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By Frank McKenna

By Frank McKenna

Prince Harry is right – but few will thank him for it

Prince Harry and his battle with the British press resurfaced this week. DIB boss Frank McKenna thinks we should be thankful to HRH for highlighting the illegal activity the UK media have all-too-often been found guilty of.
Photo of Prince Harry

We have had another week of Royal drama over the past seven days, as Prince Harry became the first from the monarchy to take to the stand in a court of law for 999 years (or thereabouts).

His claims amount to his suspicion that the Daily Mirror newspaper used illegal methods, including phone tapping and a tracker on his former girlfriend’s motor vehicle, to obtain stories about him.

Further, he suggested that international opinion of both the UK’s media, and more controversially, our government, is at an all-time low.

Custom and practice is, of course, for no member of the Windsor clan to comment on politics.

Inevitably, the Prince’s complaints have been met with little sympathy from our print media. He’s an attention seeker, who has had the audacity not to just marry an American, but to move there too. He’s a whinger, a whiner, and he’s dragging his family name through the mud, is the general narrative that we have seen in most of the tabloids, and indeed broadsheets, this week.

More surprisingly, on my Twitter feed at least (which has been infiltrated by all kinds of loonies and fruitcakes since Elon Musk took over the platform) a great number of people appear to have subscribed to the view that if you seek publicity, then you are fair game for whatever the press want to throw at you.

What a load of crap!

Nowadays, almost all of us could be accused of wanting ‘publicity’. From posting socials about our mood, our holidays, what we have had for dinner, and every semi-interesting activity we get involved in, there has been an explosion of a hunger for ‘fame’ right across the community. Does that mean that newspaper groups have a right to hack our phones, hire detectives to follow us, and rummage through the rubbish in our bins?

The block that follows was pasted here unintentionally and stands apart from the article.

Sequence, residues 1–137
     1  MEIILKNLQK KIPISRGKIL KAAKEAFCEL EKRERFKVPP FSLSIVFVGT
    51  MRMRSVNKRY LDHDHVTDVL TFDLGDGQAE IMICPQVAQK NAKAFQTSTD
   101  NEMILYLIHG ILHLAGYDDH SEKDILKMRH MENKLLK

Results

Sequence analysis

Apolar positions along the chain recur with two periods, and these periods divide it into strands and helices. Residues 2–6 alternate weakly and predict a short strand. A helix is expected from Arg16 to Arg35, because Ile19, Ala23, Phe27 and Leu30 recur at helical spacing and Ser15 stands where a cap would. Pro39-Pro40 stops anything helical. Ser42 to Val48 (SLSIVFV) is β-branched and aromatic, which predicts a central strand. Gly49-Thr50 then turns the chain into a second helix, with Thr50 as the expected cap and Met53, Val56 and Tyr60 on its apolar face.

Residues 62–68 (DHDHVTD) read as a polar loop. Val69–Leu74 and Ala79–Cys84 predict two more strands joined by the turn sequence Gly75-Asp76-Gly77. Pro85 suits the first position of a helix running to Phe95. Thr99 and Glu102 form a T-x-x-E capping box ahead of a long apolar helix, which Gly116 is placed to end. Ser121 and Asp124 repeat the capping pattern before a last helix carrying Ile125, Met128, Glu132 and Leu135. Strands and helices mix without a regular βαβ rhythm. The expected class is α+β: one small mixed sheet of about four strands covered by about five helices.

I will be surprised if the judge finds in favour of the duke. His evidence, though shocking, offered little in way of concrete evidence against the Mirror from what I could see. However, I would be even more surprised, given their track record, if the newspapers of this country didn’t hack his phone during the period of time to which he refers.

The News of the World folded, the Daily Mail and the defenders of this action the Mirror, have all been caught multiple times, undertaking the kind of illegal activities Harry alleges. It is a shame that the toxicity that surrounds his ‘brand’, at least partially driven by the press coverage of him, has taken people’s attention away from the genuine issues of concern we ought to have about our press.

FOOTNOTE: On the comment about the government – he shouldn’t have said it. But, again, it is hard to disagree with him.

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